Science Seminars

1/8/2009 – Spectral resolution and spatial structure: Why are they necessary for accurate climate-relevant observations?

Speaker: K. Sebastian Schmidt, Johannes-Gutenberg-Universität Mainz Germany, LASP
Date: Thursday, Jan 08, 2009
Time: 4:00pm
Location: LSTB

Seminar Abstract:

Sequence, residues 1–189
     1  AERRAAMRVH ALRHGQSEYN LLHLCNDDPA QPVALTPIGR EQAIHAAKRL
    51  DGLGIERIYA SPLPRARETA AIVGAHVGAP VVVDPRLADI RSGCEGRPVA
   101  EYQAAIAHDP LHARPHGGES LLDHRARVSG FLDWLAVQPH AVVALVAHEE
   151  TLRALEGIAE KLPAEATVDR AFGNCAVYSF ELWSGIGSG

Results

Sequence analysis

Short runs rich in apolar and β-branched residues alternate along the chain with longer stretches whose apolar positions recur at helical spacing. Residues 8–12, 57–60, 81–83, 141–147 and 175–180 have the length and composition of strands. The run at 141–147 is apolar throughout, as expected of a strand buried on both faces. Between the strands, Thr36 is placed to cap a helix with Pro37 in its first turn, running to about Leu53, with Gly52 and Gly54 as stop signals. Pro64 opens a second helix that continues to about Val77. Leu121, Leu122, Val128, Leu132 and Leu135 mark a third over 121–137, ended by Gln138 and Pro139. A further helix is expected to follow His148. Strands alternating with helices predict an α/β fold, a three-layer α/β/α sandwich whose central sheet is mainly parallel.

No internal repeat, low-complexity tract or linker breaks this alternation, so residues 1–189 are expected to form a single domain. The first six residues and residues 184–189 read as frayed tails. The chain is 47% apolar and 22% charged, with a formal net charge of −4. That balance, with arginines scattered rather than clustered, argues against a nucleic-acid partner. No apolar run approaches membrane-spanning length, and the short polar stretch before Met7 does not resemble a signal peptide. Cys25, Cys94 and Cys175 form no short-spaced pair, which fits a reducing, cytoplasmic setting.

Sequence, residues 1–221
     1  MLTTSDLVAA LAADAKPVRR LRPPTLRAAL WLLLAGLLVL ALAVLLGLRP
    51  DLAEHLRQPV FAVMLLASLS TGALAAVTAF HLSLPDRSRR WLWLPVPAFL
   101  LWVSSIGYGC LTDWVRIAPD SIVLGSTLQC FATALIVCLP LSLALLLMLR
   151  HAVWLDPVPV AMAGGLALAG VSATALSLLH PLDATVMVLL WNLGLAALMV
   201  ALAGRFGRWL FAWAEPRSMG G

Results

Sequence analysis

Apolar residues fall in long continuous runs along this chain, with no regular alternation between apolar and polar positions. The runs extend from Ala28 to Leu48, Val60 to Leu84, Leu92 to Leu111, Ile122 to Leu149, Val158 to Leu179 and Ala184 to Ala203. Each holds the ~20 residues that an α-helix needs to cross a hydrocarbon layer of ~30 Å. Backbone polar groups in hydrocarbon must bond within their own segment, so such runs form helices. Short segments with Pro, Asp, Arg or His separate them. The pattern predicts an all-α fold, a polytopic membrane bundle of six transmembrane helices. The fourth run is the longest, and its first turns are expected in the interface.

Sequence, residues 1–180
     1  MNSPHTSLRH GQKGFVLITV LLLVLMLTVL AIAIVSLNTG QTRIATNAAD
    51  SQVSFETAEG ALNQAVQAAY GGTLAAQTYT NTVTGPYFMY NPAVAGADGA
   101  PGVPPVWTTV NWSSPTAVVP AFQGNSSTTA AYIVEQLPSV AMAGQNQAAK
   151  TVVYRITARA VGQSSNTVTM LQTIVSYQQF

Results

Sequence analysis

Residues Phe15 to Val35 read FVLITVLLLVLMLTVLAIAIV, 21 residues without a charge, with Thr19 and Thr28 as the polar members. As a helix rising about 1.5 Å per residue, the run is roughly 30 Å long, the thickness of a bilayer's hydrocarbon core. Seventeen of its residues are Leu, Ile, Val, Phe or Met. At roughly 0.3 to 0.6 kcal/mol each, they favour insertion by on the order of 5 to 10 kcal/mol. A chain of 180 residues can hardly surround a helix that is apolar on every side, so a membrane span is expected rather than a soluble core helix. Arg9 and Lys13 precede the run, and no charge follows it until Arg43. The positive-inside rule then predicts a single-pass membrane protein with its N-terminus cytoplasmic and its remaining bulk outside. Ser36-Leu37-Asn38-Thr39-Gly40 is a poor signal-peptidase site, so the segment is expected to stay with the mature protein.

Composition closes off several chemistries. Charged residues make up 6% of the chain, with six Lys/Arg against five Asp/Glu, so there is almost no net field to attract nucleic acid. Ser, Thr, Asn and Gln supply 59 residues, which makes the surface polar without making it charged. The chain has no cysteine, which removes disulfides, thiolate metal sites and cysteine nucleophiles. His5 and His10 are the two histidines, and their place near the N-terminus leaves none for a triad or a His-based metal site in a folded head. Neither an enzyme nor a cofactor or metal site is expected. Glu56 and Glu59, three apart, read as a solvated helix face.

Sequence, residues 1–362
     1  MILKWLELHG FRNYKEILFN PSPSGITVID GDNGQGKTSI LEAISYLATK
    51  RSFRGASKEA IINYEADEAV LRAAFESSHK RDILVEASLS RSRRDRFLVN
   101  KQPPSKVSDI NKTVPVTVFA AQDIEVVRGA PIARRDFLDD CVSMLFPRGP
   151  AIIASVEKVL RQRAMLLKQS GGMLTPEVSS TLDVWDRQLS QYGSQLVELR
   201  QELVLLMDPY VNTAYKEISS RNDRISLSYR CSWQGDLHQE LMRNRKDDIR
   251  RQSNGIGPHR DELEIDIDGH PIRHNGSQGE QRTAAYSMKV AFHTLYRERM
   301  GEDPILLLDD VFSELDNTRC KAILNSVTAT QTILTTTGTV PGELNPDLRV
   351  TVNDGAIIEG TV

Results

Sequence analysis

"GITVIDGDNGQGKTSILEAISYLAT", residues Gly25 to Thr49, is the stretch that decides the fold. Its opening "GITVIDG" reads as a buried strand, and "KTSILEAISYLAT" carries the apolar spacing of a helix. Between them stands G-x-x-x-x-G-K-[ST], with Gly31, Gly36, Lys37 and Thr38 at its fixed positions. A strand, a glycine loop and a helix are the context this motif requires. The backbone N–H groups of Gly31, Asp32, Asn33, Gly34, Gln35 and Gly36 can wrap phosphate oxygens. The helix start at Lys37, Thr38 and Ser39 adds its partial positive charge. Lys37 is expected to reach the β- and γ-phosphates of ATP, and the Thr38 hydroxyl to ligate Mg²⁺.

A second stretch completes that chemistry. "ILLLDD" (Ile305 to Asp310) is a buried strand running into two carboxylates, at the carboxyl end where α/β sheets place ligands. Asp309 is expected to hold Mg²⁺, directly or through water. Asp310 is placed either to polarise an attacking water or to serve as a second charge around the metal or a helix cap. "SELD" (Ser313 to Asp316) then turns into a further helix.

Both spectral and spatial resolution of space- and airborne radiometers have increased tremendously over the last two decades. At the same time, climate, cloud, and radiative transfer models became considerably more accurate due to growing computing capabilities. The question arises: How much resolution and accuracy is needed for which application? In this context, “prioritization” of error sources is a keyword in current climate-related discussions. Some errors in our present understanding of the climate system are well-characterized and documented (for example in ICCP reports). Others may be underrated in their importance, partly because of lacking observations. I will present some of the reasons why we should care about resolution when tackling current issues in climate observations. I will then illustrate this with two specific examples from my own research. The first example introduces a hybrid model-measurement approach for quantifying the spectral radiative forcing of the so-called cloud-aerosol continuum (a much-discussed new concept), combining data from a NOAA field experiment and radiative transfer modeling at the LASP parallel computing facilities. The second shows how spectrally and spatially resolved field measurements from a current NASA experiment help unravel a 10-year old question: that of enhanced measured cloud absorption, unaccounted for by model calculations. In sum, I will explain why spectral and structural information is vital for improving our understanding of the climate system in future research and missions.